ServiceBusSender sender = _serviceBusFactory.CreateSender(_queueOptions.RequestQueueName);

    var busMessage = new ServiceBusMessage(jsonMessage)
        ReplyToSessionId = Guid.NewGuid().ToString(),
        ReplyTo = _queueOptions.ReplyQueueName,
        SessionId = Guid.NewGuid().ToString()

    _logger.LogInformation($"Send message with id {busMessage.ReplyToSessionId}");
    await sender.SendMessageAsync(busMessage);
    return busMessage.ReplyToSessionId;

Consume the message and send reply

In Consumer project I have created a ServiceBusProcessor, which listens to new messages on request-queue. This is not mandatory, there are many ways to receive queue messages. Instead there could be an Azure Function which gets triggered with each new Azure Service Bus message. The processor only listens for new messages and passes them to QueueConsumer instance for the sake of this sample.

protected override async Task ExecuteAsync(CancellationToken stoppingToken)
    ServiceBusProcessor processor = _serviceBusFactory.CreateProcessor(_queueOptions.RequestQueueName);

    processor.ProcessMessageAsync += Processor_ProcessMessageAsync;
    processor.ProcessErrorAsync += Processor_ProcessErrorAsync;

    await processor.StartProcessingAsync(stoppingToken);

private Task Processor_ProcessErrorAsync(ProcessErrorEventArgs arg)
    _logger.LogError("Error in processed message");
    return Task.CompletedTask;

private async Task Processor_ProcessMessageAsync(ProcessMessageEventArgs arg)
    Message message = arg.Message.Body.ToObjectFromJson<Message>(new JsonSerializerOptions());
    using (var scope = _scopeFactory.CreateScope())
        IQueueConsumer consumer = scope.ServiceProvider.GetRequiredService<IQueueConsumer>();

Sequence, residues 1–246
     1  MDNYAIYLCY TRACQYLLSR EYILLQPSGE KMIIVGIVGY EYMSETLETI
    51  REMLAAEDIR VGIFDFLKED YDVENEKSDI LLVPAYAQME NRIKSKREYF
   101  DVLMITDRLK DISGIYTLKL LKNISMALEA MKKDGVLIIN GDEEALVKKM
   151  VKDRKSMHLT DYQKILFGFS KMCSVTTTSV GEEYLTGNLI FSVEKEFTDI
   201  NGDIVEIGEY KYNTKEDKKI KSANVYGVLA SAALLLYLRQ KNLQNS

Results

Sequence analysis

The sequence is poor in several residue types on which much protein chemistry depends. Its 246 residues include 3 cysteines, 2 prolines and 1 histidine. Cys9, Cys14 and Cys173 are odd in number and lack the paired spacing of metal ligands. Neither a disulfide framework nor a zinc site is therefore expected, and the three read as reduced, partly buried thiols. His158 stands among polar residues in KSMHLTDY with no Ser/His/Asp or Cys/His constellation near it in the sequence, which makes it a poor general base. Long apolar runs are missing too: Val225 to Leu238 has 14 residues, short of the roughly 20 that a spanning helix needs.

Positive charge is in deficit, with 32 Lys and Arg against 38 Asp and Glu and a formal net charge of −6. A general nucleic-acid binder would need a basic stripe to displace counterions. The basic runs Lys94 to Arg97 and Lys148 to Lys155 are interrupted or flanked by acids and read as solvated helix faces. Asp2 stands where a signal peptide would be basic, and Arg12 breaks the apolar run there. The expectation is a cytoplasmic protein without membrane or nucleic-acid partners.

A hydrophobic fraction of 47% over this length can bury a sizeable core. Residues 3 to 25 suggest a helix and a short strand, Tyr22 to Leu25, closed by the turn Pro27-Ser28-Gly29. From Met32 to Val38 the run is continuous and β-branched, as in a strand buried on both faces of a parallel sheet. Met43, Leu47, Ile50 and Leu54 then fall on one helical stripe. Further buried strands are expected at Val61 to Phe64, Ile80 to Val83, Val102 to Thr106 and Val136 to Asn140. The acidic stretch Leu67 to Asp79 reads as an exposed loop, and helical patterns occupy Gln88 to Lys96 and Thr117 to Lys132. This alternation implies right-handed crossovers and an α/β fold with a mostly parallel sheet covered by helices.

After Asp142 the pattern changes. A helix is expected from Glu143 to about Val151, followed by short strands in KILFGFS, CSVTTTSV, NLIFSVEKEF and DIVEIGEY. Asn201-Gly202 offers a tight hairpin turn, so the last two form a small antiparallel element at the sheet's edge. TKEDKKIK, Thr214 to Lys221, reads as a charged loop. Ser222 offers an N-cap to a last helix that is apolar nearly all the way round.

await consumer.Consume(message, arg.Message.ReplyTo, arg.Message.ReplyToSessionId);
        await arg.CompleteMessageAsync(arg.Message);

In the QueueConsumer class first thing I do is to set the session state, this action in fact initializes it. The sessionId is taken from ReplyToSessionId property from received queue message. I have an enum with 3 available states, but in fact to set it the same BinaryData object is used as for ServiceBusMessage Body property, so it could be anything within the limit of Service Bus message size.

From the Service Bus perspective, the message session state is an opaque binary object that can hold data of the size of one message, which is 256 KB for Service Bus Standard, and 100 MB for Service Bus Premium.

Next I’m creating a new ServiceBusMessage object and assign session id (taken from ReplyToSessionId) to SessionId property. It must corresponds to the id that we will use to listen for the reply. It is also not possible to send message without setting SessionId on session aware queue. The rest is pretty straight forward. Message is sent to reply-queue and state is set to Ready. In SetSessionState method I’m using using statement to create a receiver, which has methods allowing me to modify the state. Without disposing ServiceBusSessionReceiver directly after usage I would lock the session and it would not be possible to read the state until the lock is released. There may be only one receiver at the time locked on a session!

public async Task Consume<T>(T jsonMessage, string queueName, string sessionId)
    _logger.LogInformation("Received message: {0}", jsonMessage?.ToString());
    await SetSessionState(queueName, sessionId, MessageState.Processing);
    string message = JsonSerializer.Serialize(new Message
        Content = $"Thanks for message with session id {sessionId}! This is my response"

    ServiceBusSender sender = _serviceBusFactory.CreateSender(queueName);

    var busMessage = new ServiceBusMessage(message)
        SessionId = sessionId

    //delay to simulate longer running process
    await Task.Delay(TimeSpan.FromSeconds(15));